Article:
Kristy, The Bear, and I had just completed a long cross country flight from Saginaw, Michigan to Sodus on a sunny, fall afternoon. Taxiing to our hangar, I pulled the mixture and quenched Warrior 481's internal fires. As the mechanical gyros spun down, humming quietly in the background, I checked my cell phone at just the right moment to receive an email reporting that fellow aviator and Williamson Flying Club member Marv had passed away.
Marv, a spry 77 years old, had been a fellow Cherokee owner on the field. Before I ever knew his name, I had encountered him a few times while preparing to fly. He would stop to chat, smiling infectiously and expounding on the allure of the clear blue sky, his eyes twinkling with an aviator's passion for flight.
I did not know him well, but I was privileged to fly with him once, just a few weeks before he passed.
|Date||Aircraft||Route of Flight||Time (hrs)||Total (hrs)|
|16 Aug 2015||N21481||SDC (Sodus, NY) - FZY (Fulton, NY) - SDC||1.2||1459.9|
We planned a fly-out to the Oswego County Airport ("Fuzzy") on August 16 for breakfast at Puddle Jumpers. That morning, we mustered eleven people who flew to Oswego in four airplanes. Aboard Warrior 481 was myself, The Bear, and Lee. Lee is a student pilot who has flown with me to past events and it is always a pleasure to have him along.
|Marv, Lee, The Bear, Me|
When Lee asked if Marv could join us, I was only too happy to offer the Warrior's last available seat. Marv had mentored Lee, nourishing Lee's love of aviation with frequent flights in his Cherokee.
|Photo by Puddle Jumpers staff|
On the ground at Oswego County, once out of earshot from the rest of the group, Lee quietly explained that Marv had been diagnosed with cancer. A few months prior, his condition had forced him to surrender access to the sky; he sold his Cherokee. Our short hop to Oswego County that morning was Marv's first time in the air since selling his beloved airplane. I was stunned; Marv seemed so happily robust that I would have never guessed at his illness.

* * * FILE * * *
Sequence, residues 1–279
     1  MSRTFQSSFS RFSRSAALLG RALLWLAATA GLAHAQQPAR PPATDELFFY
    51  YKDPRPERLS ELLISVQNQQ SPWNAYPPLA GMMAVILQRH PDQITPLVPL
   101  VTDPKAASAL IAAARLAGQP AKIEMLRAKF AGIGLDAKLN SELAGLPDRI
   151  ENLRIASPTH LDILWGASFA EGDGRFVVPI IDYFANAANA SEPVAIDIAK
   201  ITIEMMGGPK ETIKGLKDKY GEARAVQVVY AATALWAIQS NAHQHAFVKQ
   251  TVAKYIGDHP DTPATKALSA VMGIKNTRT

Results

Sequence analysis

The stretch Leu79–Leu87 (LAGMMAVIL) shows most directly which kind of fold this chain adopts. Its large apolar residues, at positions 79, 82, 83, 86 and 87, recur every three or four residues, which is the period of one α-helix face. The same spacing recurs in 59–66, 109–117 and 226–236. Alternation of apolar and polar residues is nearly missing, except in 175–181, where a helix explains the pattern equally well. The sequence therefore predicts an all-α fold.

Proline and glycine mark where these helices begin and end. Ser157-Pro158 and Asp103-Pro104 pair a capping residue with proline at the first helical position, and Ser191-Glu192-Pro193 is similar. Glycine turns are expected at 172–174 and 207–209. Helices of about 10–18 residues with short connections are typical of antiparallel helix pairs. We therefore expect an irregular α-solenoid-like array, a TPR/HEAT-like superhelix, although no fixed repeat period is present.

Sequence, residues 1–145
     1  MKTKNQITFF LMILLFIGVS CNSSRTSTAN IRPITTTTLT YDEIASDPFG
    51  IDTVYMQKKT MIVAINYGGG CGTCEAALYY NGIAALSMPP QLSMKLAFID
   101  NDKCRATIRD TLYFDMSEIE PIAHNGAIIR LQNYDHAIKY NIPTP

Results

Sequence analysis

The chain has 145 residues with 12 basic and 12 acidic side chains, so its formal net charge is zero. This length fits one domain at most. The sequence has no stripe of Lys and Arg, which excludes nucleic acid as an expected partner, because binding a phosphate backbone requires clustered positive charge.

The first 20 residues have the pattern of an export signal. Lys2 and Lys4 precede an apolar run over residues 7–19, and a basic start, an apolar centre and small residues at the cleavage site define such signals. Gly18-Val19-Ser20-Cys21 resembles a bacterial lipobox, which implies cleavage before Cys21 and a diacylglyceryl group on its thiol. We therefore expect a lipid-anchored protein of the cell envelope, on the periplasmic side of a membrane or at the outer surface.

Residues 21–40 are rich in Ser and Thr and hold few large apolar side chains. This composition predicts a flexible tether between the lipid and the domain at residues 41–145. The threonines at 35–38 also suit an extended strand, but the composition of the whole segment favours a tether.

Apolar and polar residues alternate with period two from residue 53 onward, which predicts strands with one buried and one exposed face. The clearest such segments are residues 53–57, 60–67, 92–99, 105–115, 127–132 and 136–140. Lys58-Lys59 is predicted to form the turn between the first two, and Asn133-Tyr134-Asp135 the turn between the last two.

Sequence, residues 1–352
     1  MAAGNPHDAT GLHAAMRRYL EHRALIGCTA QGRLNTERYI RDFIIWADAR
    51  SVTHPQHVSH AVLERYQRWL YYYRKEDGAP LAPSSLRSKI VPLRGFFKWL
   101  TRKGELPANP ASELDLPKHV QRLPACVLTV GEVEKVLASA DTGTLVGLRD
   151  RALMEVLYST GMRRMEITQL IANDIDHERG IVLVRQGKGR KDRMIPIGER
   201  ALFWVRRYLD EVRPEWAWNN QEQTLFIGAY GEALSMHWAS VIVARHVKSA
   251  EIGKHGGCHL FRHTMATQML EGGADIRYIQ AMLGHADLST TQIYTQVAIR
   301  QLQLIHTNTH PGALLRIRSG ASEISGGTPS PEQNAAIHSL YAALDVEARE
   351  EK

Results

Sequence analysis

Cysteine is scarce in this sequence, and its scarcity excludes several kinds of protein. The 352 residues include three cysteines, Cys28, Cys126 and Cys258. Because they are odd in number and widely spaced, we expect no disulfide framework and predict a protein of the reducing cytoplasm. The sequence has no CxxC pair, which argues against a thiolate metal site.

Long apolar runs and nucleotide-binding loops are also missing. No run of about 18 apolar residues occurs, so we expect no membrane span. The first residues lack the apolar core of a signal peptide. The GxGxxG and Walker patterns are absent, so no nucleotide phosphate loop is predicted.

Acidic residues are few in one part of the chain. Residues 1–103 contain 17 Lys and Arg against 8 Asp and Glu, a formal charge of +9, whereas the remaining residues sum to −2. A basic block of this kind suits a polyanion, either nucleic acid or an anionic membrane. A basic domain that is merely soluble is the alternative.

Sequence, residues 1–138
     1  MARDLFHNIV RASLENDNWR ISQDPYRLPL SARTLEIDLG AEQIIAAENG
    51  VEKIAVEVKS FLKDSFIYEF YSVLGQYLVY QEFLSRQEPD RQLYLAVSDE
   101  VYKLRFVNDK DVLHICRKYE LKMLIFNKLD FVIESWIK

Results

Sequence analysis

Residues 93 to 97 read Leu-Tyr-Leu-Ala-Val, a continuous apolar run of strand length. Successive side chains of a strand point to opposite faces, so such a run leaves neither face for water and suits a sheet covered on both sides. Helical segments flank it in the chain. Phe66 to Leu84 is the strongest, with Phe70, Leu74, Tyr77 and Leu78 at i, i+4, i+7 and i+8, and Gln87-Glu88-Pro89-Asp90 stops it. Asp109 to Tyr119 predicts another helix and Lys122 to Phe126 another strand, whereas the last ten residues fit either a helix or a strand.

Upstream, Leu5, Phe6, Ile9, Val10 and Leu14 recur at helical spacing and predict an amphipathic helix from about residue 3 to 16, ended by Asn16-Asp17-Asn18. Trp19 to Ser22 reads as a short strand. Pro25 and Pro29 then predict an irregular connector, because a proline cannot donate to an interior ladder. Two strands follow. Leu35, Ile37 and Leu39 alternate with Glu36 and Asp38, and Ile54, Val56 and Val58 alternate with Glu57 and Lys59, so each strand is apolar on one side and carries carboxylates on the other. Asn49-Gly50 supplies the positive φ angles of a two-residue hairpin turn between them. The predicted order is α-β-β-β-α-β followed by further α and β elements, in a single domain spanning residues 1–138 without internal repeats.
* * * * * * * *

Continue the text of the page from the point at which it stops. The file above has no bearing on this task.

After breakfast, back at altitude, I trimmed the Warrior and leaned for cruise.
"Marv, would you care to fly us home?" I asked. Out of the corner of my eye, I noticed Lee flash an approving thumbs up from the back seat.
Marv smiled his charming smile and took the controls, smoothly guiding us back to Sodus. Back on the ground and parked at the fuel pump, Marv gripped my shoulder in thanks, his eyes twinkling in delight. He loitered while I fueled the Warrior. When I was done, he offered some cash to cover the fuel cost. I refused it with a smile.
"Thank you," he said, a hint of a tear welling in his eye. "You don't know what this means." He gripped my arm, silent gratitude flowing through the contact. In that moment, I genuinely believed that I understood the significance of that morning's flight. But I didn't. I was focused on the wrong aspect: the months elapsed since his previous time aloft. I did not know that I had just given this wonderful flying man his final time at the controls and that I would never see him again.
It was not until five weeks later, when I read of his passing to the somber requiem of decelerating gyros, that I understood completely.
I did not know him well, but I wish that I had.